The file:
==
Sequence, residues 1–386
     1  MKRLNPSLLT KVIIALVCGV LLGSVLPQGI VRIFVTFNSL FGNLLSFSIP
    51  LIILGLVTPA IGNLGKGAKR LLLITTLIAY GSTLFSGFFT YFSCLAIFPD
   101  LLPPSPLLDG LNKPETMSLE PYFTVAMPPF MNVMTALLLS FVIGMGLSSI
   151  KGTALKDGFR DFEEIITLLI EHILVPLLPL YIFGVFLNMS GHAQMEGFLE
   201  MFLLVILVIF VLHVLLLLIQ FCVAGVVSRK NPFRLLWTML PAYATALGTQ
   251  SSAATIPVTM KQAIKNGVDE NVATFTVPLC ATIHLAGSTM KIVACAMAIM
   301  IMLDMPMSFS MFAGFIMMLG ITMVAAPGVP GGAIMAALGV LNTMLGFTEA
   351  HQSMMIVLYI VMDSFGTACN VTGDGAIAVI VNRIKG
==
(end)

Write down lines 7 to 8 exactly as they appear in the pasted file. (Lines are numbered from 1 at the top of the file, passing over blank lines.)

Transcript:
   251  SSAATIPVTM KQAIKNGVDE NVATFTVPLC ATIHLAGSTM KIVACAMAIM
   301  IMLDMPMSFS MFAGFIMMLG ITMVAAPGVP GGAIMAALGV LNTMLGFTEA